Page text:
Bauchan -
also Bogan. A type of Hobgoblin. Like most faeries, they are fond of tricks, sometimes are dangerous, and sometimes are helpful.

The Bean-Nighe -
pronounced "ben-neeyah"; type of Banshee around streams in Scotland and Ireland. She washed bloodstained clothing of people who will soon die. They are rumored to be the ghosts of women who died in childbirth and will continue to wash until the day they should have died. The Washer at the Ford.

Bean sidhe (ban-shee):

Ireland. "Woman Faery"; a spirit attached to certain families. When a member's death approaches, the family will hear the bean sidhe wailing.

Bendith y Mamau (ben-dith uh momay):
Mother's Blessing, which was the name of the fairies of the Carmarthenshire country in Wales; this saying became a prayer spoken to ward-off harm.

Black Annis
- She is a Hag who eats stray children and lambs.

Blue Men of the Minch -
They dwell in the strait between Long Island and the Shiant Islands. They are responsible for sudden thunderstorms and shipwrecks, but their ship-sinking attempts may be thwarted if you are an adept rhymer. Some think they may be fallen angels.

Bodach -
also Bugbear or Bug-A-Boo. They slide down chimneys to kidnap naughty children.

Boggart -
Brownies that have turned evil.

Bogie -
This is the generic name for some different types of Goblins. Their temperments range the spectrum from benign to malevolent.

Bogles -
They are a form of Goblin and are generally nasty in temperment. However, they prefer to inflict their evil deeds upon liars and murderers.

The Brown Man of the Muirs -
He is the protector of wild animals.

A.Bwca or Bwbachod in Wales; Bodach (budagh) in the Scottish Highlands; Fenodoree in Man; Pixies or Psgies in the West County of England; Bockle in Scotland. If one wants to court their friendship, they are called Bendith Y Mamau (the Mother's Blessing). They are about two to three feet high and dress in brown clothes. They have brown wrinkled faces and shaggy hair. Brownies make themselves responsible for for the house where they live by coming out at night to complete unfinished work. Any offer of reward will drive them away, but they expect an occasional bowl of milk and piece of cake to be left out. Tradition says they do not like teetotallers and ministers. If offended, brownies will create malicious mishchief. If there is a lazy servant in the home, he might choose to plague him for it. All Brownies expect in return is a bowl of cream or good milk and a honey cake. Never leave clothes and never leave too much food. They find this offensive and will leave. Care should be taken not to criticize their work. When one farmer criticized the mowing job, the Brownie responsible threw the entire crop over a cliff. In the West County, Pixies or Pigsies occasionally perform the office of a brownie and show some of the same characteristics, though they are essentially different. Border brownies are most characteristic. They are small men, about three feet in height, very raggedly dressed in brown clothes, with brown faces and shaggy heads. They make themselves responsible for the farm or house in which they live: reap, mow, thresh, herd the sheep, prevent the hens fromlaying away, and give goode counsel at need. A brownie can become personnaly attached to one member of the family.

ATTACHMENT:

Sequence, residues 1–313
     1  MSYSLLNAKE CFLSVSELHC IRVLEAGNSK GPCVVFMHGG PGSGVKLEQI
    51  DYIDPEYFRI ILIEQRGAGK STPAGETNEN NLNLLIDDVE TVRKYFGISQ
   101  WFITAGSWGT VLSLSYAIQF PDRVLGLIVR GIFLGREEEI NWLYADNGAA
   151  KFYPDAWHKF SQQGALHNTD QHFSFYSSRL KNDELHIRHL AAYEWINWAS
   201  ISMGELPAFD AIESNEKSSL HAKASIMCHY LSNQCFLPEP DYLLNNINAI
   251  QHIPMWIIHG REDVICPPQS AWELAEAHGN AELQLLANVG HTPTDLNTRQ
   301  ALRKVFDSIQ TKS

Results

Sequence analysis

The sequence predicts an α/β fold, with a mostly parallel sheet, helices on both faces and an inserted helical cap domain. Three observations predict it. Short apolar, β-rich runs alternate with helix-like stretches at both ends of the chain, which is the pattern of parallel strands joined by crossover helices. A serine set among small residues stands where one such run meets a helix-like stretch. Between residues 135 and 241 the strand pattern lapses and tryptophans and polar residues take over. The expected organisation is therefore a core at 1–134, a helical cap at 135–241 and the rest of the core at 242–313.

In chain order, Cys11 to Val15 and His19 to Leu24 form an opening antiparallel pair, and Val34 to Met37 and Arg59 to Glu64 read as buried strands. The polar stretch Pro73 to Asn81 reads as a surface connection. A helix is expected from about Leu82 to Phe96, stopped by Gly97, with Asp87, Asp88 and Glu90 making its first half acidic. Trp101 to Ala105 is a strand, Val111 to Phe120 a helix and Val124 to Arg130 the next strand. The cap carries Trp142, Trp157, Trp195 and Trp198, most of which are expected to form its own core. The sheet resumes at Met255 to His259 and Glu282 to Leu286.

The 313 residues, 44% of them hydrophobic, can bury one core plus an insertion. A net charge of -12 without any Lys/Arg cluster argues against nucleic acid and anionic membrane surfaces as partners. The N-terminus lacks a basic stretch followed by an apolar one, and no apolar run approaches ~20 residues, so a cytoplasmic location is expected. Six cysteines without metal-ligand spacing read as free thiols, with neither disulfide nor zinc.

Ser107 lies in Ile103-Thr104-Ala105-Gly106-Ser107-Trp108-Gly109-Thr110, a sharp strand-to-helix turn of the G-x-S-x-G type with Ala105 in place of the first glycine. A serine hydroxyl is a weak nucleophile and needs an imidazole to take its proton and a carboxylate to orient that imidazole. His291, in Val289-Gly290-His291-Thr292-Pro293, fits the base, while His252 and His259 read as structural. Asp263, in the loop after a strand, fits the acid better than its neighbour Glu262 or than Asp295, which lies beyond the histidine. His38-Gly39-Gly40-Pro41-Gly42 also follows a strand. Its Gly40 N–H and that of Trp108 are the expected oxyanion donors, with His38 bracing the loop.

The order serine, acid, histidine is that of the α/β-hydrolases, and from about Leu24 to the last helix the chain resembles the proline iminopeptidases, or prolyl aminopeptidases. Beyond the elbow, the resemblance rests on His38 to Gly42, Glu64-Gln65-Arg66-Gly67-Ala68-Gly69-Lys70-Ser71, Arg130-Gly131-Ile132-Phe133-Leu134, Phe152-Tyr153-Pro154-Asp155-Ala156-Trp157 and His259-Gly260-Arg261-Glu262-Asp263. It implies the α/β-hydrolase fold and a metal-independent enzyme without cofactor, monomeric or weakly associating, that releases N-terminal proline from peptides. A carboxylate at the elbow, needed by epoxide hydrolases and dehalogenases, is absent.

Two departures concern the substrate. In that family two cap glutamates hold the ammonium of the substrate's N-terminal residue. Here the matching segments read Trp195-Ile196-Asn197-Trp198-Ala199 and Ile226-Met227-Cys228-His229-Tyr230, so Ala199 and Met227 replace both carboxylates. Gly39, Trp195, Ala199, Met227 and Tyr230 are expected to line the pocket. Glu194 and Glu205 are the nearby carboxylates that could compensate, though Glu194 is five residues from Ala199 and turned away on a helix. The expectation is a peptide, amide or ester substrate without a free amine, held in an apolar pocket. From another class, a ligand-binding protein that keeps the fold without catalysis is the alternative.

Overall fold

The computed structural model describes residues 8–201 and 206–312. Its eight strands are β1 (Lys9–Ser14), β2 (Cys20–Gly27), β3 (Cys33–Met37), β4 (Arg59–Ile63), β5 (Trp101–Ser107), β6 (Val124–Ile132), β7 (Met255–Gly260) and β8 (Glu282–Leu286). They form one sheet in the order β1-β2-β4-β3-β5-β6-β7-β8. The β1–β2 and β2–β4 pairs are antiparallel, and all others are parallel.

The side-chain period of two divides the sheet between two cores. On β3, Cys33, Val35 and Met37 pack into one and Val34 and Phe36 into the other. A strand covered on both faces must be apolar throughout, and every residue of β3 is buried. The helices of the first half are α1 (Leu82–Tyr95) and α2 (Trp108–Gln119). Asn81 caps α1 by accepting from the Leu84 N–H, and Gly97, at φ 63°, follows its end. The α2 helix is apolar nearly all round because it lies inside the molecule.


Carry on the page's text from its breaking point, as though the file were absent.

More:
The Bwca -
They are the Welsh version of the Brownie (see above). They have slightly nastier tempers and are prone to tantrums if their work is criticized. They also despise tattletales and people with long noses.

Cailleach Bheur:
Scotland. The Blue Hag, a cross between the Underworld goddess and a faery spirit. She has fangs and sometimes three faces, making her a triple being or deity.